BIG Associate Director Phil Addicott shares his frustrations with grammar in this article, republished from his popular LinkedIn post. 

I get my early morning news fix from BBC Radio 5 Live and it is a daily battle to see how many utterances of the “B” word I can stand before I turn to the sanctuary of 6 Music.

There’s a “B” word on everyone’s lips, and I’m fed up with it. I don’t think I’m alone.

Basically, it’s basically.

Whether it’s because I’m a father of a tweenager and I’ve noticed it more, but it seems to have become the filler word of the new generation.

In putting my thoughts down on paper, I came across a similar point of view from the Guardian’s tremendous Mind Your Language section. This was being written about in 2013 so it would suggest I’m late to this anger party, but it’s only when you first have a baby that you notice prams. I’m putting this down to my 11-year-old using it constantly, which means I’m noticing it more often and I can’t stop getting angry about it.

Maybe it’s also because I’ve just hit 40 and I’ve instantly turned into the middle-aged father of three I’d fear I’d become. I’m joining the word police. Next thing you know I’ll be tutting at people who put their feet up on train seats.

As a professional communicator who spends my day reading, writing and speaking, I’m a fully paid up member of the movement which believes the English language is one which should constantly evolve. It’s already a hybrid of other languages. Grammar should remain a constant, but the use and application of words, whether they are written or spoken, is constantly changing, and that’s fine.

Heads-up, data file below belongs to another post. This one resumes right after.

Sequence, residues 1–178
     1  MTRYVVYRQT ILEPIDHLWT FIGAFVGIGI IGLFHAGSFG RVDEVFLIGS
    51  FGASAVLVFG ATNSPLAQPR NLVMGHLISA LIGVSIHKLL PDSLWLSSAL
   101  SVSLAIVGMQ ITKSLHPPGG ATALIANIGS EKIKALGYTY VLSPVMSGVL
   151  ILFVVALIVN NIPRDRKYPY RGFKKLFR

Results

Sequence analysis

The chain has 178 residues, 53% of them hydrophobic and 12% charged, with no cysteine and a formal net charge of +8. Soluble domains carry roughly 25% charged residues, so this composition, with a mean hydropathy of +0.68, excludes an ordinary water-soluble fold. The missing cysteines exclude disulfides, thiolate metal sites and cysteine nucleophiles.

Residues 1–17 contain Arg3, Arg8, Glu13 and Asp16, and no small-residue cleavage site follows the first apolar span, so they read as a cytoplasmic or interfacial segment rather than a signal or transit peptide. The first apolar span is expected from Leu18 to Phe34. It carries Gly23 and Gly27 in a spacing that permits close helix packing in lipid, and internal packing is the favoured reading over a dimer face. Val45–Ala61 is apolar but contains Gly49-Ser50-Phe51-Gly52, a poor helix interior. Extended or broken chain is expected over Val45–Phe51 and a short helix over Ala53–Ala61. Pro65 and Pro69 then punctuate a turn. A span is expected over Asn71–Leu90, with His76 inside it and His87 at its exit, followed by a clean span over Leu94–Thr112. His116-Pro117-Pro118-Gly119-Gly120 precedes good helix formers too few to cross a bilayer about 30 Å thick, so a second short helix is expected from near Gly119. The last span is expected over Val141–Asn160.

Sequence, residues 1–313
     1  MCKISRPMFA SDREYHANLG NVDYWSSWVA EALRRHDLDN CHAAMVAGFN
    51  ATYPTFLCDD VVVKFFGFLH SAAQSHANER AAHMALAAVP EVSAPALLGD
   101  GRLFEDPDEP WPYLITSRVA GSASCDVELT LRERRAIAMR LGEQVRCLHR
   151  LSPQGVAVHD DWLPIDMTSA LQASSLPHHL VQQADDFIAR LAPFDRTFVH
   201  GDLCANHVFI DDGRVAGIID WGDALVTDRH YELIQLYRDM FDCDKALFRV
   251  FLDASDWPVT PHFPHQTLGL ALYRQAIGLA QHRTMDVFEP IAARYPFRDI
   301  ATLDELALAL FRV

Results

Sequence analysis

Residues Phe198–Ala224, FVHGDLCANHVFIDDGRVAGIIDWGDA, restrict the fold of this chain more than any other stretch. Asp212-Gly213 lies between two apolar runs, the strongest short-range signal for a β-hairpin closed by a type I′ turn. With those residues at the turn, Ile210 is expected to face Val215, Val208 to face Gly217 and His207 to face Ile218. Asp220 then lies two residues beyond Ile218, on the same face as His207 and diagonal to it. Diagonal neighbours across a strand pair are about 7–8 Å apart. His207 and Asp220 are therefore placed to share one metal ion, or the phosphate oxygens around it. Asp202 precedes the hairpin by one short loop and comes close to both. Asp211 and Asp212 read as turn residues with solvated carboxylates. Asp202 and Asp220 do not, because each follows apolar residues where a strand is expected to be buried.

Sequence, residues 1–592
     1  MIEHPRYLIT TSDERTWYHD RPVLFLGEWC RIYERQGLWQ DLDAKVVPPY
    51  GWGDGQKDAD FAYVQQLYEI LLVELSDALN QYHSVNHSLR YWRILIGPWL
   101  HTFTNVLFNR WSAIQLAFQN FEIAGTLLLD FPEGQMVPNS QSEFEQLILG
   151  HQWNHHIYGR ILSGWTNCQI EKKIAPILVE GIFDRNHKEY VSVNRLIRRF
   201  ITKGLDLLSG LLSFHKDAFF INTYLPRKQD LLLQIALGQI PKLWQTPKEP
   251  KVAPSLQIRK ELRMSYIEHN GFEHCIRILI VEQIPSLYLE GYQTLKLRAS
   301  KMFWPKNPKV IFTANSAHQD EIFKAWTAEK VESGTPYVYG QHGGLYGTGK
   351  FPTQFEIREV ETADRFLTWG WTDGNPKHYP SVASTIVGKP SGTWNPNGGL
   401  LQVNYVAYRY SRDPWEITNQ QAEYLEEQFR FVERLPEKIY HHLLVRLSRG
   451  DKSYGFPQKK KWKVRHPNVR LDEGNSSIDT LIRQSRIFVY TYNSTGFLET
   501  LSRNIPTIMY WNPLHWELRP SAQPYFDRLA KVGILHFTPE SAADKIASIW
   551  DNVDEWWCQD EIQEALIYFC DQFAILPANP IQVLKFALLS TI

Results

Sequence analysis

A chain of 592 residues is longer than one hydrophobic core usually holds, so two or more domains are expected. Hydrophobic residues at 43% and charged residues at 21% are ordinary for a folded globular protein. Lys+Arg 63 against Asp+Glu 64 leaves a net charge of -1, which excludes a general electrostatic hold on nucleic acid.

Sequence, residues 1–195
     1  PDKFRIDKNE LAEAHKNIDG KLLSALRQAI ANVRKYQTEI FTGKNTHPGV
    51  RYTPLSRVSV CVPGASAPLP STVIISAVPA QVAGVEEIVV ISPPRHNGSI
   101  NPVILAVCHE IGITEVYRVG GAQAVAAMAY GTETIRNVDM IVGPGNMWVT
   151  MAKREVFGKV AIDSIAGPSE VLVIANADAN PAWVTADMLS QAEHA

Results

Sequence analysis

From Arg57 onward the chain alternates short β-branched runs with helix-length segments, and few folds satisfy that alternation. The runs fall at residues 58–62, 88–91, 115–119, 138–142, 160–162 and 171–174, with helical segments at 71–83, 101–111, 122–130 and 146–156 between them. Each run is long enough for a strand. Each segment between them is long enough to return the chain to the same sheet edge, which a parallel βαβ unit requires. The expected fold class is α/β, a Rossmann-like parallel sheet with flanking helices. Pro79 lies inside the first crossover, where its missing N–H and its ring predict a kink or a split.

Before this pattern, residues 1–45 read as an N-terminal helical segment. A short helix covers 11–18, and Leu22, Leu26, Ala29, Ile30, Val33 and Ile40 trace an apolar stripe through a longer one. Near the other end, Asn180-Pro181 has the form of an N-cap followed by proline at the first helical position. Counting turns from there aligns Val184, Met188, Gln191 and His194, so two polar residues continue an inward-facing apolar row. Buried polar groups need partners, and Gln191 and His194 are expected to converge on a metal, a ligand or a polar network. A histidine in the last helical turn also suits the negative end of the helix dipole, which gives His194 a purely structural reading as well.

However, “basically” has been added to the list which also includes:

· Could of

· Expresso

· Like

· Yeah, no….

· Literally

· Delighted (in press releases and LinkedIn posts)

· The intonation at the end of sentences which makes people sound like they are asking a question when they are making a statement

Basically, it’s a filler. It means nothing in the application which has become the modern norm. It has become one of those verbal ticks which suggests a lack of confidence in a point being made, to make something appear simpler, or more complicated, than is necessary.

For every chore my 11 and 7-year-olds successfully complete (for a pre-agreed rate and fee) there is a deduction for every use of “basically”.

In an era where more words are written, spoken and heard than ever before – let’s try to make sure every word is precious. They’ll be lost if we don’t.

Having said that, I’m saving myself a fortune for every utterance by my children, so perhaps long may it flourish.

(Disclaimer – I KNOW there will be a grammatical or semantic error in this article. That’s the beauty of the English language and I’m happy to be corrected).

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